Three weeks ago I lugged in the red and green duffel bag holding the Christmas tree and the faded blue plastic storage tub holding all the ornaments. During this season, decorating the Christmas tree is just about my favorite tradition. As I hang the ornaments on the tree and sprinkle the other Christmas decorations around my place, I examine my present, my history, and my future.
As a single adult with no kids, I have only had a tree for about six years. In my twenties, I did not always decorate or I just hung a few ornaments from the living room window curtain rod. Finally in my thirties, I decided I wanted to participate fully in the spirit of the season and realized that there was no reason that I should not have a tree. Since then, I have eagerly waited to feel the magic and transformation that the tree and ornaments bring to the space where I live. It makes home, home.
During my childhood, the gifts of Christmas ornaments were part of an annual tradition. My mother usually made or purchased three ornaments for my two sisters and me. In addition, we traded ornament gifts with my three cousins, which my crafty aunt C. made. I received ornaments from my godmother and rapidly the collection in my childhood grew. Usually my name and the year the ornament was given is etched somewhere on the decoration. I have a whole timeline in ornaments. The tradition continues to this day, as I still receive ornament gifts from my mother and occasionally I will buy one as a special remembrance.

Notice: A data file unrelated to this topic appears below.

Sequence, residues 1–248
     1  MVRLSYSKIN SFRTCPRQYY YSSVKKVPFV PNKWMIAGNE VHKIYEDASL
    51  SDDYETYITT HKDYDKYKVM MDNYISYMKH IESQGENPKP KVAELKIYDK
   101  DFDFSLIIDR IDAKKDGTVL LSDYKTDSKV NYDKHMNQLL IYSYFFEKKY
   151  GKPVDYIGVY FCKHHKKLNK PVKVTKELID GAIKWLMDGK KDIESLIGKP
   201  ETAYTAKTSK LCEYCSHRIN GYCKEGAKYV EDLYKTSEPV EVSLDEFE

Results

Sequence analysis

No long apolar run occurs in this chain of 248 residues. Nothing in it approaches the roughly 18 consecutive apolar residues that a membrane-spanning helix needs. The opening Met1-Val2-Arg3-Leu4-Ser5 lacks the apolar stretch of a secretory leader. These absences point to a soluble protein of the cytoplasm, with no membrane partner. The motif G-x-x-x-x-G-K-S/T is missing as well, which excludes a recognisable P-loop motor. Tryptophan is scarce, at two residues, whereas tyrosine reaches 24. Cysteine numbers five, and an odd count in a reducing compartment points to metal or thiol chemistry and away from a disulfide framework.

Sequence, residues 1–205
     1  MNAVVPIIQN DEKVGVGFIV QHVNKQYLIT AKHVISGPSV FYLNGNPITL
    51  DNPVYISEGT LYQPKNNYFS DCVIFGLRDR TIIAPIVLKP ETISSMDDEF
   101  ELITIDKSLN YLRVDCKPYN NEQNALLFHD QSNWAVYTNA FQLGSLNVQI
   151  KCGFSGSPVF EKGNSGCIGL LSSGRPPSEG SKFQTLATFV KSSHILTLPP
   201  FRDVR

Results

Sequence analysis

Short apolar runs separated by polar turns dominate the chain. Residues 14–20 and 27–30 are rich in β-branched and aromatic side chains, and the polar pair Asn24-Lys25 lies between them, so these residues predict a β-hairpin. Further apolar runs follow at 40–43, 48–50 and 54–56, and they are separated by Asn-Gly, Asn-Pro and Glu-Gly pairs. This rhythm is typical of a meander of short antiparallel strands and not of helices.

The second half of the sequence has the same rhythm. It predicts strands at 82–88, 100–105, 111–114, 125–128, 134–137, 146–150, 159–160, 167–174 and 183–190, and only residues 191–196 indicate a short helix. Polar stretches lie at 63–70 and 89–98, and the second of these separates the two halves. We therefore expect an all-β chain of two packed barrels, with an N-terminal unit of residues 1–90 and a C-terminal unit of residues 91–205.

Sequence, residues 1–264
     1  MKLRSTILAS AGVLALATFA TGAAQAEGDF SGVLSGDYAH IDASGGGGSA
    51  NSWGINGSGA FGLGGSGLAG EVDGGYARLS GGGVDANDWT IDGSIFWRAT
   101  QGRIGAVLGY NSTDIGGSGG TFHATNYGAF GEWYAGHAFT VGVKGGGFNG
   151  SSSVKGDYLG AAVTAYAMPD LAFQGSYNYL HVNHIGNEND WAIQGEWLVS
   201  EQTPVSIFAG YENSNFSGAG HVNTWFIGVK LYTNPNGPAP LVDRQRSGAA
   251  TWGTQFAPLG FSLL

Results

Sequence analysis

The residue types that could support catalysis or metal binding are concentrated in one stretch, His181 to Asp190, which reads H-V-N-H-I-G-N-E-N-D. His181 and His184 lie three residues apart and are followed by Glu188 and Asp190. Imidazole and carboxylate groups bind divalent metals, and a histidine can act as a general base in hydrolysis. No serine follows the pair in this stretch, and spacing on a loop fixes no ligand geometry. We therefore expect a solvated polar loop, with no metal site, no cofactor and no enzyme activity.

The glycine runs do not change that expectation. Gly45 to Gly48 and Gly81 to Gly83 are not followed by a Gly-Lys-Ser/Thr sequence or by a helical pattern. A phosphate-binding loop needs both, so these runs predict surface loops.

One year, while I was living and working in Minnesota, and wouldn’t be making the trip home to New Mexico, my mom gathered all of my childhood ornaments and sent them to me. It was one of the best packages I have ever received. That package signaled the growth from daughter visiting to making my own home. I still share the holidays with my parents and sisters, but it’s nice to have my own home fully decorated for the holiday season.
The ornaments. Some are handmade. Some are mass-produced. Some are breakable, some are sturdy. Some are old, some are new. Those ornaments represent childhood and adulthood. They remind me of important people in my life. They signify certain events and trips and places in my life. Each year as I unpack and hang them, I rediscover these ornaments as talismans and souvenirs and keepsakes.